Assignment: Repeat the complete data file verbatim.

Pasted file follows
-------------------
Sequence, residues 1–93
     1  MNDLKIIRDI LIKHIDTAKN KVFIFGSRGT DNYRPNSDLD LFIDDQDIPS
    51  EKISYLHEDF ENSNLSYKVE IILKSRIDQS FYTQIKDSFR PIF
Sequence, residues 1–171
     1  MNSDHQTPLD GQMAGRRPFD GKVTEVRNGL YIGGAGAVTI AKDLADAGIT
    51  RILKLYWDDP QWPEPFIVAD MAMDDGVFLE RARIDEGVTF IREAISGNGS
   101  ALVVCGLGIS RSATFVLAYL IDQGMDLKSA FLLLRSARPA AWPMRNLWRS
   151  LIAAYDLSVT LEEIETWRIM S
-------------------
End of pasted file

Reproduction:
Sequence, residues 1–93
     1  MNDLKIIRDI LIKHIDTAKN KVFIFGSRGT DNYRPNSDLD LFIDDQDIPS
    51  EKISYLHEDF ENSNLSYKVE IILKSRIDQS FYTQIKDSFR PIF
Sequence, residues 1–171
     1  MNSDHQTPLD GQMAGRRPFD GKVTEVRNGL YIGGAGAVTI AKDLADAGIT
    51  RILKLYWDDP QWPEPFIVAD MAMDDGVFLE RARIDEGVTF IREAISGNGS
   101  ALVVCGLGIS RSATFVLAYL IDQGMDLKSA FLLLRSARPA AWPMRNLWRS
   151  LIAAYDLSVT LEEIETWRIM S